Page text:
Review: Beginning ActionScript 2.0 by Derksen

This is the text of my amazon review, I gave it 2 stars. It is featured in the Shelf of Shame.

Updated now that I’ve plowed through the whole thing. Compared to the beginning, the later pages are better, I think there’s some real good information in this book and good tips. But it just seems that there’s a lot of typos, un-explained code and it seems just confusing examples. Also, if there was the one glaring mistake below that I caught, just because it’s something common to many programming languages, how many more did I not catch because it was something particular to actionscript? This is the first wrox book that I’ve been really disappointed in, generally wrox has been at least decent and often quite good. Sadly, I’d recommend you give this book a pass.

Read on for my more detailed impressions of the beginning:

I’m only several chapters into the book and so far I’m not impressed. It’s been difficult to get through the first chapters – they cover the basics of development, variables, control structures, etc..

There were several times where I simply didn’t agree with what they were saying or the point at which they were getting to topics, but just chalked it up to the inevitable differences in programming style. As examples, in the very beginning of the book, only a few dozen pages in, in a section targetted at complete programming novices they try to explain to you pointers and the differences between pass by value and pass by reference. A topic that can be confusing to even some knowledgeable programmers.

Or style issues where they suggest you initialize your associative arrays using the cumbersome (for initializing) array notation, but throughout the following pages they initialize nested anonymous objects to create data structures using the {} shortcuts. So… in the simple case where you are building a simple associative array (where you can use whitespace to make it very clear what you are doing) you should use this very explicit and wordy notation, but when you are developing more complex structures, you should use the simplified version?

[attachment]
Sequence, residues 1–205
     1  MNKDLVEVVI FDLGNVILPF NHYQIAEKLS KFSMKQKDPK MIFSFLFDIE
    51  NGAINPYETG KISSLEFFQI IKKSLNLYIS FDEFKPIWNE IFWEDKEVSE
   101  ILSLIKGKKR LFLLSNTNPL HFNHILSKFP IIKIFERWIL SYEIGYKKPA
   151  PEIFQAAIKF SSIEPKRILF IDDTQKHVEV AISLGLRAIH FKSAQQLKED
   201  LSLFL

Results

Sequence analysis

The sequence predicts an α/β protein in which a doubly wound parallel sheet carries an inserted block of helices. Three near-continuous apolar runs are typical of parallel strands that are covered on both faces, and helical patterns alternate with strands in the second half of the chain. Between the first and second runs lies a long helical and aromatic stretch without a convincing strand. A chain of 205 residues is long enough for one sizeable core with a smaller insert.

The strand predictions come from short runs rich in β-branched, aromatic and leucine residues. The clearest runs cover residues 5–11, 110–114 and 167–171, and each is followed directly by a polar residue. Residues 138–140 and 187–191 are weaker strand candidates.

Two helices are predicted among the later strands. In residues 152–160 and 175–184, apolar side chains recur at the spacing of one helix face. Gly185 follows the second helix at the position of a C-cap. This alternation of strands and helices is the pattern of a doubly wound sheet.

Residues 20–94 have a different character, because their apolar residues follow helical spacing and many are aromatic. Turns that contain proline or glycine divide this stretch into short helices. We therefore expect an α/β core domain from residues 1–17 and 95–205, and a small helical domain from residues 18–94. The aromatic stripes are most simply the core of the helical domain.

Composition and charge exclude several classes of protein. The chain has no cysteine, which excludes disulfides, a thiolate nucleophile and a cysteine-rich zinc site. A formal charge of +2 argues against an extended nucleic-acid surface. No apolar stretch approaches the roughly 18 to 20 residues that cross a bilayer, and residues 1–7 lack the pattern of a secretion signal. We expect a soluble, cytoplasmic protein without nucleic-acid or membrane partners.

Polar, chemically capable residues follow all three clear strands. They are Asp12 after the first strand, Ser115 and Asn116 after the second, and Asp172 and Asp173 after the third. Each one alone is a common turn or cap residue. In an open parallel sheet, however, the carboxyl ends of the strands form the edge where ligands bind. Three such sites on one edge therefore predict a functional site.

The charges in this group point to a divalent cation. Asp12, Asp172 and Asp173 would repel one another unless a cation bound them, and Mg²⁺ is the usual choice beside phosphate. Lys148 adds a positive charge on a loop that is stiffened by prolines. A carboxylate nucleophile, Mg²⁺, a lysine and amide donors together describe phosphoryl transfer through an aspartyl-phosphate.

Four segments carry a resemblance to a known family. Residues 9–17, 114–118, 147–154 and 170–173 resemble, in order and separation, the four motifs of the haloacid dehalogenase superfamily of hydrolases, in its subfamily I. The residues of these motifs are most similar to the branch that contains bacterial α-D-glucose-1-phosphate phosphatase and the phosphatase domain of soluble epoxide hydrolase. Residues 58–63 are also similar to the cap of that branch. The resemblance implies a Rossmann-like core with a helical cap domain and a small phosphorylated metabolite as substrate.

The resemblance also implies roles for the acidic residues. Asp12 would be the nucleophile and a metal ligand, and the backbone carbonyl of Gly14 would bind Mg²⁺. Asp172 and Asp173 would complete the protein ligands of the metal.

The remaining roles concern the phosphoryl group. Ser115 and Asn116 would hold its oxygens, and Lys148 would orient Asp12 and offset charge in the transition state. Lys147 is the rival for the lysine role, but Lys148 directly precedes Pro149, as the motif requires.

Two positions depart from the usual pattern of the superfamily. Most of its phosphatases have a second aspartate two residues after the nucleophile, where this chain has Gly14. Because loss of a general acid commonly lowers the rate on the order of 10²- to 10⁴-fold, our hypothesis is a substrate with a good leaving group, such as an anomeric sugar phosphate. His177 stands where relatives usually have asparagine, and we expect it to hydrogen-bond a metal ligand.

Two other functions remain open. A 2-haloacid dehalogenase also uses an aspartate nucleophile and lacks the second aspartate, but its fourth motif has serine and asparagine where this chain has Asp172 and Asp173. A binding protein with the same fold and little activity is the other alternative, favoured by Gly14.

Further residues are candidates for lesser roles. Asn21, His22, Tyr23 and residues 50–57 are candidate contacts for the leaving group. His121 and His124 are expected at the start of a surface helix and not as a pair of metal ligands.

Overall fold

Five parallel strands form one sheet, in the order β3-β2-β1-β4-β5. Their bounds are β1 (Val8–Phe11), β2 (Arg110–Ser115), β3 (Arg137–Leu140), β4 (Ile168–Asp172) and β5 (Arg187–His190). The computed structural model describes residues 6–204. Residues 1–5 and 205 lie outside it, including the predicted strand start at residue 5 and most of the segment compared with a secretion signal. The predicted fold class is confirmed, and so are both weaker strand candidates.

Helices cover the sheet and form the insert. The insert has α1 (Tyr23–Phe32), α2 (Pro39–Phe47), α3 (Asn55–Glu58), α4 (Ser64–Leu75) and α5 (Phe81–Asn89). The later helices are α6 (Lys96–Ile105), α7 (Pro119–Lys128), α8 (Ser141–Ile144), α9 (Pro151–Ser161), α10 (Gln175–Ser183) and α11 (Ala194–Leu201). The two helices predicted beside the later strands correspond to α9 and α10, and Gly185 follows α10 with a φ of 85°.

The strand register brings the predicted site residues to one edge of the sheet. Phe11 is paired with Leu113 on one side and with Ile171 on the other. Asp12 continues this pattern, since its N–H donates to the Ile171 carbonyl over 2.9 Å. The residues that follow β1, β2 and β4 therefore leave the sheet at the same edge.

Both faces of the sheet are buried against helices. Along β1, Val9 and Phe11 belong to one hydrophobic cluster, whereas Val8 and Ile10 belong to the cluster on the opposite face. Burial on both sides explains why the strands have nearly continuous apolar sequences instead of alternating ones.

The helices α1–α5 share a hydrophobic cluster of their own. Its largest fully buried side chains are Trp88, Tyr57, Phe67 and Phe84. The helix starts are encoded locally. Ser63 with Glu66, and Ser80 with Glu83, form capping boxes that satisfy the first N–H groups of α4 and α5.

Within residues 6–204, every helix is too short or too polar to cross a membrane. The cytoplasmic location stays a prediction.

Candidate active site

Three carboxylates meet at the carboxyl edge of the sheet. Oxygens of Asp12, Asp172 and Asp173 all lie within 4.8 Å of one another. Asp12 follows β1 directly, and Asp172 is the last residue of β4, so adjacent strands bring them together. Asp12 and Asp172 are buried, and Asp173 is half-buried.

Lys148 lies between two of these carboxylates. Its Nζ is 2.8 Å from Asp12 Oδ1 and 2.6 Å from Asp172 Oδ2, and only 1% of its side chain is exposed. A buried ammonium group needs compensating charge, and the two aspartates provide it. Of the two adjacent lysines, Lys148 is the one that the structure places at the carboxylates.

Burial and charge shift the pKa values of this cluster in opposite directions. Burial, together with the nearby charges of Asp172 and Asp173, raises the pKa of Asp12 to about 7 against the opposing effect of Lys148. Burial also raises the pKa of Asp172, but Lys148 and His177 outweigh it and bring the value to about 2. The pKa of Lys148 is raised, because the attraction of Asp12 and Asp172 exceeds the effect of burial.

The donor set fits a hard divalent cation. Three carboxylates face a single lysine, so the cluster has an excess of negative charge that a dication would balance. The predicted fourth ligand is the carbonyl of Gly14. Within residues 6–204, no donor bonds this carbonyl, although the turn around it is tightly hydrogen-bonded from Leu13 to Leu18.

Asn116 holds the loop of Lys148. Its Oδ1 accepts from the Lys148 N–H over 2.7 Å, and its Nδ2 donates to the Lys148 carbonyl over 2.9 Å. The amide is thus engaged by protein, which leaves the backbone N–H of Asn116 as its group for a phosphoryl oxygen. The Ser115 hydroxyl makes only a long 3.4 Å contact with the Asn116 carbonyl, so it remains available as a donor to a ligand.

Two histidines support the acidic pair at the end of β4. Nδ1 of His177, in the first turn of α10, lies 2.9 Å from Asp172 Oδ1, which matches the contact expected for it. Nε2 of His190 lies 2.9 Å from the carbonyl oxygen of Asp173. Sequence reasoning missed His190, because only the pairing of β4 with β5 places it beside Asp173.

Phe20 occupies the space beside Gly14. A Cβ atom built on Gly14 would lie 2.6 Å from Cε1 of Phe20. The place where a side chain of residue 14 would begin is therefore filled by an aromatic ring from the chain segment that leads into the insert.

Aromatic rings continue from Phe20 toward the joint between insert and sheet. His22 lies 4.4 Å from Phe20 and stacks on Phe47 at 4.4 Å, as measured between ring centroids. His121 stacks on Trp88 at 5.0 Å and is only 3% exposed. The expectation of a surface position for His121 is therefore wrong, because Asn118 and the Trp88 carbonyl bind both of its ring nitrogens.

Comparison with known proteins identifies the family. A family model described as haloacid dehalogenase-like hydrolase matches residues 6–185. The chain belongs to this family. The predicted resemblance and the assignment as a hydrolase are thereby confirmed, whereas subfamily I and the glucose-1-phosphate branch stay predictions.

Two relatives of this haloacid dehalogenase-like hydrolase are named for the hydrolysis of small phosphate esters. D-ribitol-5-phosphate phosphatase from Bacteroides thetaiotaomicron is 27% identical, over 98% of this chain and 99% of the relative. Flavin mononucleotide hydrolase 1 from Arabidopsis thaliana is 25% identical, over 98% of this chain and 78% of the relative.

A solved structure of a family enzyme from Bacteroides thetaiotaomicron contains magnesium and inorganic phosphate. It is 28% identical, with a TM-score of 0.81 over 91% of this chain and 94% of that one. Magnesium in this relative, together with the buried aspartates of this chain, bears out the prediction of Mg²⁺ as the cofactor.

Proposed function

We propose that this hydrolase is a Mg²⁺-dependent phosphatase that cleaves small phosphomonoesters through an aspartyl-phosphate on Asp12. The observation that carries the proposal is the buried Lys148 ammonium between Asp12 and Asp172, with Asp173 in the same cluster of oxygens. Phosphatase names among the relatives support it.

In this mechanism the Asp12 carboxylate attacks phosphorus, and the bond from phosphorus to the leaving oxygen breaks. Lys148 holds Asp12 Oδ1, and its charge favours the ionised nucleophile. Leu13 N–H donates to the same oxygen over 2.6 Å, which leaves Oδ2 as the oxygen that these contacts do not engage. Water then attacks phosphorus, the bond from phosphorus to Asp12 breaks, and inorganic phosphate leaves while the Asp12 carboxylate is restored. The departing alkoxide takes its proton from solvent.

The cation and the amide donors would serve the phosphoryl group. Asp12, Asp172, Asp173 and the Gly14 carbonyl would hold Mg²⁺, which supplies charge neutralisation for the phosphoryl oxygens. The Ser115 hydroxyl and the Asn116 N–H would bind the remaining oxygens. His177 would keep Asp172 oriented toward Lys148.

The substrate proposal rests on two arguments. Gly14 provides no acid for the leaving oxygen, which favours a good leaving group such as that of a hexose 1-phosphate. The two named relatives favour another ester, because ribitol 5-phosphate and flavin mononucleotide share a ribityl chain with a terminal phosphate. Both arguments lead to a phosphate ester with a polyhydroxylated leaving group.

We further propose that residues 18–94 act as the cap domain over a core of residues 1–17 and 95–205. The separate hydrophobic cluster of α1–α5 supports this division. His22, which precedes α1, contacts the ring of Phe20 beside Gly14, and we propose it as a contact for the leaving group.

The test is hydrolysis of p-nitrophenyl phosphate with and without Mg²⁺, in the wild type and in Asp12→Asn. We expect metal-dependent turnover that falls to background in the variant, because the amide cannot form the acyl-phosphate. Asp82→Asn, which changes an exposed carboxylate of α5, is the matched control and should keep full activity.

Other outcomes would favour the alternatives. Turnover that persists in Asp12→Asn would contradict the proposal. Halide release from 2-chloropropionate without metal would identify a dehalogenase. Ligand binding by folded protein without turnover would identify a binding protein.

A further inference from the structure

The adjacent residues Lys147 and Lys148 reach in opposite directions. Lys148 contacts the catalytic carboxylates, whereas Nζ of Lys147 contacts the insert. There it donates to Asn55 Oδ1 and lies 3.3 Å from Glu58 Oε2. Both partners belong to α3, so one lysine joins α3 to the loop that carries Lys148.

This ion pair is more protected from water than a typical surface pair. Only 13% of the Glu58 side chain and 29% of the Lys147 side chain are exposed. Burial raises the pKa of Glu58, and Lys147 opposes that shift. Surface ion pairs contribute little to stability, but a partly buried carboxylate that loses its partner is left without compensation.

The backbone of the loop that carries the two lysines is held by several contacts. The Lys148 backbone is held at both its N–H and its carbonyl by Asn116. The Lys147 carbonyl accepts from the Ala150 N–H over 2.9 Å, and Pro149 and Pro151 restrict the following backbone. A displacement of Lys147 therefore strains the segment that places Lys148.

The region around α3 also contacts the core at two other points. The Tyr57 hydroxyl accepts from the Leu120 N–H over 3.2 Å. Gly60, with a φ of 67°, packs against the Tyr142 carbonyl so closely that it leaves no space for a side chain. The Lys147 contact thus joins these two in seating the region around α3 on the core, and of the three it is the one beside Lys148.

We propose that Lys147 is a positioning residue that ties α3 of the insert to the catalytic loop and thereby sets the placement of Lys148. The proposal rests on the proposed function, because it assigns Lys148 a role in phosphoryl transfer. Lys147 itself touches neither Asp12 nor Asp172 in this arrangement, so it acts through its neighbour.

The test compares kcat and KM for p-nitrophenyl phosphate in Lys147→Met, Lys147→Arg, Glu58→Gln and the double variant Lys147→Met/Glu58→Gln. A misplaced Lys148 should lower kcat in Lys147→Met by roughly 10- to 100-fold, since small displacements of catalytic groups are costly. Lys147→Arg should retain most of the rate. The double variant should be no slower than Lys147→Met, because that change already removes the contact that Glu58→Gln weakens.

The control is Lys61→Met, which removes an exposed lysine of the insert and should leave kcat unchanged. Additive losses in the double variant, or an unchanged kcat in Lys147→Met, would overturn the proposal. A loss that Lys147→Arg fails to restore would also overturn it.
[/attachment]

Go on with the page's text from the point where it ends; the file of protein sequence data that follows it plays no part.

Other simply minor things like that and maybe a few typos, but ok.. I figured, I must just be cranky while reading and was really picking nits for some reason. And then I get to their section on expressions and using boolean operators. Where they helpfully break down exactly what the flash player will do to evaluate your expressions. Except they are dead wrong in a very stunning way. They describe the process as an iterative process of simplifying everything until you get to a simple set of booleans and boolean operators.

So, in a 4 step process, in a paraphrase of an example, you get:

1: x >= 0 && x <= 10
2: replace the vars: 5 >= 0 and 5 <= 10
3: evaluate highest priority ops: true && true
4: evaluate remaining op: true

Which is all very clear and all very wrong. I couldn’t believe that Macromedia had removed the short-circuitiness of boolean operators from the language. I franticly jump to the index which reveals no hint of short circuit operators. Fortunately, a short google later brings us to macromedia’s site where they reassuringly describe how && and || are indeed short circuit operators.

While in their example, it makes no difference. Short circuit operators are used extremely often and are extremely useful. They do not simply evaluate both sides of the operator, they evaluate only enough to determine the truth of the statement.

So if you had something like this:

a == 1 || b == 2

if a actually did equal 1, second half of the expression would never be evaluated. Which, in this example doesn’t matter, but if instead you had:

a == 1 || some_long_running_function() == 2

it makes a big difference since the function is only called when a does not equal one.

This is an extremely important and subtle point which the authors seemingly do not understand.

I am trying to continue reading the book, but if it keeps on along this line, I may not be able to finish. I have some hopes that it will get better… and if it does, I’ll come back and rewrite this review.

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